Preventing and minimizing exposure to Internet security risks:
- Frequently reset user names and passwords
- Take extra caution when receiving an email. Delete emails from unknown sources and do not click or open any attachments in the email.
- Never use the same password on multiple sites. Always create a unique password to limit your exposure.
- Monitor your credit union accounts for any unusual changes or transaction activity. If unusual activity is discovered, report it immediately to the credit union.
Recent Anti-virus Scam
URGENT e-mails are being sent to users stating that your anti-virus is compromised and you must click on their link to protect your computer. DO NOT CLICK THAT LINK because it allows the scammers (out of the country) to remotely access your computer and steal your personal information.
Be careful about security breach emails
At least one major retailer has sent emails to millions of customers potentially affected by the recent mega security breaches. Be on the lookout for scammers who mimic them (CNN Money Jan. 20).
Homeland security investigators have warned several large retailers about sophisticated malware that has potential to compromise customers' credit card numbers and other personal information on an unprecedented scale. Target alone has as many as 110 million affected customers.
While the hacking is under investigation, if you receive email from a retailer regarding a security breach, here's what to do:
Don't automatically open the email: First go to the retailer's website or call to make sure the information online matches the email you received. One adviser, Adam Levin of Credit.com, cautions that even opening a fraudulent email could allow malware to be installed on your computer.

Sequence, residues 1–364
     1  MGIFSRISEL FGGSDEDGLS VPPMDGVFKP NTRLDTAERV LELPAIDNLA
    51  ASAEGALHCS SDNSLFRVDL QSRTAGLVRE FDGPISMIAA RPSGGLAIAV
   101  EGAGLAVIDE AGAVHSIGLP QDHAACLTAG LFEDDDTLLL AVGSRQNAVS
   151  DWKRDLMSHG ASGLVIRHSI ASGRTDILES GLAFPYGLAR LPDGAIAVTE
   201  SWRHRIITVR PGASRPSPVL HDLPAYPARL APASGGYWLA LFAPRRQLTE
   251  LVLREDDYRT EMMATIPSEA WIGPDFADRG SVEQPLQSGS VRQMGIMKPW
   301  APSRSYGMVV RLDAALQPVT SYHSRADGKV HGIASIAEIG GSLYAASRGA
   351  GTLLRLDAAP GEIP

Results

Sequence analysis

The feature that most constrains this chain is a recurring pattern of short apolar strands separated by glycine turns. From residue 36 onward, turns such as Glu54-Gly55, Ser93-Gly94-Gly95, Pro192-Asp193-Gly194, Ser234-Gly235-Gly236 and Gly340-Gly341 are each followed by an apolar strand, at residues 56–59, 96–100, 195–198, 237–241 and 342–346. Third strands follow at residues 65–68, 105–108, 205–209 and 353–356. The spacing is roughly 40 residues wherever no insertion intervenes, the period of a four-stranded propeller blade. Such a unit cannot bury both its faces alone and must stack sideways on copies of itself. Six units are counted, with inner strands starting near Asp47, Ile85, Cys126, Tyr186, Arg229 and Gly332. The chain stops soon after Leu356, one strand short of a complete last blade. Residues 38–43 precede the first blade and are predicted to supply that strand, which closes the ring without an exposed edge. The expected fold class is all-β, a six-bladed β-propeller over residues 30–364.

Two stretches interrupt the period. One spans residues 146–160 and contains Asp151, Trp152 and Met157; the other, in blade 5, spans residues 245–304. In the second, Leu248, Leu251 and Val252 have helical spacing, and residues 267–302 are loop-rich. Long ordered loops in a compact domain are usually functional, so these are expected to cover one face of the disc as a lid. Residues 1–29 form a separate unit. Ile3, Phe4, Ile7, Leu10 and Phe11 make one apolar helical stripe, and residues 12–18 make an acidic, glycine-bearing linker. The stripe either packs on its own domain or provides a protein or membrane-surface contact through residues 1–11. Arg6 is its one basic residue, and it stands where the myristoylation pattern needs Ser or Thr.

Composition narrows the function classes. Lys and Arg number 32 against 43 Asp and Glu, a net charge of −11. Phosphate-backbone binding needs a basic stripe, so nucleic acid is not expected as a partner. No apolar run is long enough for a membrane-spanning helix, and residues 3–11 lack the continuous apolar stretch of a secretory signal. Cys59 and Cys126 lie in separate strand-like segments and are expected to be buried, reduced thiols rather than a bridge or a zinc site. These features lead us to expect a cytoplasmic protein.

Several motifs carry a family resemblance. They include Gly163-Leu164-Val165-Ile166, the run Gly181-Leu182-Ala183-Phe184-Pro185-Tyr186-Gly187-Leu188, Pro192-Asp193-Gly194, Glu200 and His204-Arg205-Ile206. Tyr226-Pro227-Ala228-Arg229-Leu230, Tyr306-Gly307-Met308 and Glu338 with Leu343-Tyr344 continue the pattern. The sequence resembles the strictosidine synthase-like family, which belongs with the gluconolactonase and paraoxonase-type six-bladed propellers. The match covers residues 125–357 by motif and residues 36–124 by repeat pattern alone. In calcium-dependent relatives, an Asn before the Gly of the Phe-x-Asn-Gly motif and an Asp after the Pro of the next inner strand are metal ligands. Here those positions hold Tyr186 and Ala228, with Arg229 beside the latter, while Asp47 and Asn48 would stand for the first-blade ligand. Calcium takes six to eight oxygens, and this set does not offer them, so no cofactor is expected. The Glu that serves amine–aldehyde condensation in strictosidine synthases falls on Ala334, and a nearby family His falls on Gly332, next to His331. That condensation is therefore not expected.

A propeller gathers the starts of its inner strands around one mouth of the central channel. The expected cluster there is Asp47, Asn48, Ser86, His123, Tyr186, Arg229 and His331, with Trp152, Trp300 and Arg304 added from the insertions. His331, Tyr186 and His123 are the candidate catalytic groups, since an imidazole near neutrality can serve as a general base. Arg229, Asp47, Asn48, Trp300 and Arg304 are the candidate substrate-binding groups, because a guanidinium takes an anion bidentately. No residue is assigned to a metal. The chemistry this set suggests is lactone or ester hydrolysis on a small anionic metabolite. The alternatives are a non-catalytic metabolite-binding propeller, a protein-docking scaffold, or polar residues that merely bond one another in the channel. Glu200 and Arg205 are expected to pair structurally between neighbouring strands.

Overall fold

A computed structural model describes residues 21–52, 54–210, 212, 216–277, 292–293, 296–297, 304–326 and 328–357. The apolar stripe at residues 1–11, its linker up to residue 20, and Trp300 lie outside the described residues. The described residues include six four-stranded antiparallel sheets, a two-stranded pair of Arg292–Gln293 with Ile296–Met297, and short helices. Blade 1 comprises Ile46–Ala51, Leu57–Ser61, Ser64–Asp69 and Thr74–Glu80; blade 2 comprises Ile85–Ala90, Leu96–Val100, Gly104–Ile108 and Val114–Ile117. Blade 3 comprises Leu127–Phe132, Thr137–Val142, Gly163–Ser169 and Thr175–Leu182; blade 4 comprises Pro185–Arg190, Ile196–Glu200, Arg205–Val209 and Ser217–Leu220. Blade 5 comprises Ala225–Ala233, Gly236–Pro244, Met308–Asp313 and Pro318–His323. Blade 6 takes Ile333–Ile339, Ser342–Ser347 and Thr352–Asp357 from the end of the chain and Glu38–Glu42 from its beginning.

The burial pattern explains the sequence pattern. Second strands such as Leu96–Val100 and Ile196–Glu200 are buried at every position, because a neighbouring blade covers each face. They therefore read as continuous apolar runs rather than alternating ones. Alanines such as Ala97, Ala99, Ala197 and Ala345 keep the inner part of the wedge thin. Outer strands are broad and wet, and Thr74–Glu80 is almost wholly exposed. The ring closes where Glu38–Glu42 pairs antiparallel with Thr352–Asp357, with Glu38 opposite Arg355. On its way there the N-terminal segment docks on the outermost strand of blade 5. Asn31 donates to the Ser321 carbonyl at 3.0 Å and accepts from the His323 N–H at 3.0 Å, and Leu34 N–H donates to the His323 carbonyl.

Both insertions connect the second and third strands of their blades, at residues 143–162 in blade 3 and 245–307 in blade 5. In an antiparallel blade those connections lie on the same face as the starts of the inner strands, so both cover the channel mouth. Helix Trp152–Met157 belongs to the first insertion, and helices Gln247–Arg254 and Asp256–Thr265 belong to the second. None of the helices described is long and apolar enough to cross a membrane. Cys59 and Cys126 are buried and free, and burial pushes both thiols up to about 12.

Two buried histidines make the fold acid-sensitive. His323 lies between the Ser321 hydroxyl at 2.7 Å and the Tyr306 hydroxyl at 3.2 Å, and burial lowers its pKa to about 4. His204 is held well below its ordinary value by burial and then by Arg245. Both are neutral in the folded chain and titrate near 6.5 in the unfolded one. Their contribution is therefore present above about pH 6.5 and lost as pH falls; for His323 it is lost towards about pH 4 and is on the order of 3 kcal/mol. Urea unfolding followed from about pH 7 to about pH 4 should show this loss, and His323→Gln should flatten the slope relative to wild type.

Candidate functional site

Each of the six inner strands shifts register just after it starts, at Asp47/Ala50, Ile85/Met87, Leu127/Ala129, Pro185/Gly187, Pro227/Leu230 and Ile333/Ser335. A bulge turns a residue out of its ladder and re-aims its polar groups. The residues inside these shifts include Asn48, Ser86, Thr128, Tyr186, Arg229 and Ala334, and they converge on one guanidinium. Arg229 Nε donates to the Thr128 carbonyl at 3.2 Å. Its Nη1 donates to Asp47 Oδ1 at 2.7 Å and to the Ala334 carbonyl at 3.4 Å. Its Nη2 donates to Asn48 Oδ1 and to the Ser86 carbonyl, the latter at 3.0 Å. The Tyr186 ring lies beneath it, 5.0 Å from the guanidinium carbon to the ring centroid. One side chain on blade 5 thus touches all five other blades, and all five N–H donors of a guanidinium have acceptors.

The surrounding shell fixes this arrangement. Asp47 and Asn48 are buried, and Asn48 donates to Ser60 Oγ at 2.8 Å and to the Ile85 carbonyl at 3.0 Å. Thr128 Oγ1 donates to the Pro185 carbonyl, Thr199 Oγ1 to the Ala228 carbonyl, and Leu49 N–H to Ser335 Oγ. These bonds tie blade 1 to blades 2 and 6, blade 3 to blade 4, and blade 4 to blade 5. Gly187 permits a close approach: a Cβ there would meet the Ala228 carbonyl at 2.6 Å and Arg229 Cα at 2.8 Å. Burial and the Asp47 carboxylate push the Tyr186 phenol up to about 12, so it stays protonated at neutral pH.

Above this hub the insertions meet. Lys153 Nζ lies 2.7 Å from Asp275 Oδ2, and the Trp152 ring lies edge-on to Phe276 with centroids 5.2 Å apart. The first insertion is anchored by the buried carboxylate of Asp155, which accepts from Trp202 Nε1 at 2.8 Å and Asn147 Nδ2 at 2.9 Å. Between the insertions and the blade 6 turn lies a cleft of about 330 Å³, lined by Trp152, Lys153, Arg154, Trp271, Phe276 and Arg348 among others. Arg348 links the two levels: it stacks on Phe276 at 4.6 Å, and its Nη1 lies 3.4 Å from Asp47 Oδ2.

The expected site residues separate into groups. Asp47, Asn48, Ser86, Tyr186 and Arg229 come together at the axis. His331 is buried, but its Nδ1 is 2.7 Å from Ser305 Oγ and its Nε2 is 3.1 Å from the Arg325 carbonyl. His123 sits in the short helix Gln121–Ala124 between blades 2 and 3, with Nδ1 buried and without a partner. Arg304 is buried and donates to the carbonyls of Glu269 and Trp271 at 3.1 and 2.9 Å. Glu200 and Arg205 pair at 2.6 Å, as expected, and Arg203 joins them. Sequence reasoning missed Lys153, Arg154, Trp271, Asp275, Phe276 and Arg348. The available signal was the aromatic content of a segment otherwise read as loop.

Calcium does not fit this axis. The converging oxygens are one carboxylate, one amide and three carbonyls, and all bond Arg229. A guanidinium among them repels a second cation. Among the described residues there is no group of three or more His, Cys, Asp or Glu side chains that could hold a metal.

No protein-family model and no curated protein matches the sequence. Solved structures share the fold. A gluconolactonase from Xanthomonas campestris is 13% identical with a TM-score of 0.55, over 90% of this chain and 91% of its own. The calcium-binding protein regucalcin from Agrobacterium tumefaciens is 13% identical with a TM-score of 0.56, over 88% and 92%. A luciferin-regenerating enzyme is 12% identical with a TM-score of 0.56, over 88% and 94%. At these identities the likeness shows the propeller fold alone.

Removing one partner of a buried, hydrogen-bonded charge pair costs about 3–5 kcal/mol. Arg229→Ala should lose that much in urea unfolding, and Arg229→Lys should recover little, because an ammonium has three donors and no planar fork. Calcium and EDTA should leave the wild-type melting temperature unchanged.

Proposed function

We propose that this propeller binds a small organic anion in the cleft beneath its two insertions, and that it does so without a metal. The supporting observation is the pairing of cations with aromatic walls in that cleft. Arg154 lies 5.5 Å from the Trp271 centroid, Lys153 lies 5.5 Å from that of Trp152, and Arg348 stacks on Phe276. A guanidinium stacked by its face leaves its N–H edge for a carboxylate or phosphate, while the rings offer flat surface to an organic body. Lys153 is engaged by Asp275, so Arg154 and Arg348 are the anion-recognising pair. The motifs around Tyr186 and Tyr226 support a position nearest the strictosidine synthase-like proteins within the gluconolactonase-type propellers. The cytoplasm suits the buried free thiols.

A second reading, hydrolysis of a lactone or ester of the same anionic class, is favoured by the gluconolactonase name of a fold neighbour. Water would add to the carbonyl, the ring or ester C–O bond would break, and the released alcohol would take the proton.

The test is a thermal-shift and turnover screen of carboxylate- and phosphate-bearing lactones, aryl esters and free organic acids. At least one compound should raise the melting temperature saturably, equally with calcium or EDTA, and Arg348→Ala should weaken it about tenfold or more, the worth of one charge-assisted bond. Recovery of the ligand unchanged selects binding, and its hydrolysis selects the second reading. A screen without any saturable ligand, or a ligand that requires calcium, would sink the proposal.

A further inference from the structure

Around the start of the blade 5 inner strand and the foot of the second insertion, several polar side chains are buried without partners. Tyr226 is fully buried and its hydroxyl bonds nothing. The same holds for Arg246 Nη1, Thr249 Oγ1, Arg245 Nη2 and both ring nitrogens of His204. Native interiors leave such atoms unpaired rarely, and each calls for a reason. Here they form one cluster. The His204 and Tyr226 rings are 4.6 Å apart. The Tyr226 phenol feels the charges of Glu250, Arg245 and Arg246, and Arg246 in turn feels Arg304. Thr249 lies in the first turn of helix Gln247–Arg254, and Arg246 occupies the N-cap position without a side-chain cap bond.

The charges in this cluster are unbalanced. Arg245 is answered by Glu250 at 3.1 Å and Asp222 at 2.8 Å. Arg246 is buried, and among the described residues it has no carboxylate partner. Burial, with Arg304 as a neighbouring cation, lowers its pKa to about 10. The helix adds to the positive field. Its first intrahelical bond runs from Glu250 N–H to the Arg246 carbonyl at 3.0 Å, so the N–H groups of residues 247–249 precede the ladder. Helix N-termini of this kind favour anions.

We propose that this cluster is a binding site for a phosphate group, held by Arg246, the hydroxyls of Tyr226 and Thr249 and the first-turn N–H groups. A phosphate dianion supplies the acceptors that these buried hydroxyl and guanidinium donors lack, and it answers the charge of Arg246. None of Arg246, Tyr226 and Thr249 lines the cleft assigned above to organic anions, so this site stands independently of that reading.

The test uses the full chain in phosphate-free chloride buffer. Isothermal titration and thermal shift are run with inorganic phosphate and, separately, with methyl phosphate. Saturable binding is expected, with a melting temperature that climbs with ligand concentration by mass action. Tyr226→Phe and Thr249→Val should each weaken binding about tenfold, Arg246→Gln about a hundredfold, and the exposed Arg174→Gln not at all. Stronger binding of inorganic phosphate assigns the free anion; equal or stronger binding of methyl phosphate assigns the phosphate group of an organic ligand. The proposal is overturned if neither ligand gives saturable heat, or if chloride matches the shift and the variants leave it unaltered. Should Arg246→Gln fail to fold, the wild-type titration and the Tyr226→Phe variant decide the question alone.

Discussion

If you've already opened the email: Don't click on any links until you verify the information with the retailer by going online or calling.
If you've already clicked a link to an external website and entered personal information: Verify the information in the email with the retailer at its website. If the information in the email doesn't match the retailer's information, take action quickly:
- If the retailer is offering free fraud-monitoring, take advantage of it. Your credit union also might offer a fraud-monitoring service or recommend an affordable and reliable outside service.
- Check and confirm your debit and credit card transactions every day via your financial institution's online platform.
- Alert your financial institution, the credit card company, and call the "big three" credit reporting agencies--Equifax, TransUnion, and Experian--to tell them you clicked through on a bogus ink and shared info you wish you hadn't.
- Ask to have a fraud alert placed on your account. It costs nothing to place a fraud alert on your credit report if your information is compromised, and the alert will remain in place for 90 days.
- Alert the Federal Trade Commission (FTC). Report fraud via FTC.gov or by calling 877-438-4338.
- If you're really worried, request a credit freeze, which prohibits any credit from being extended under your name.
To learn more about protecting your accounts from fraud, talk to the professionals at your credit union. They can recommend steps you can take to keep your information safe.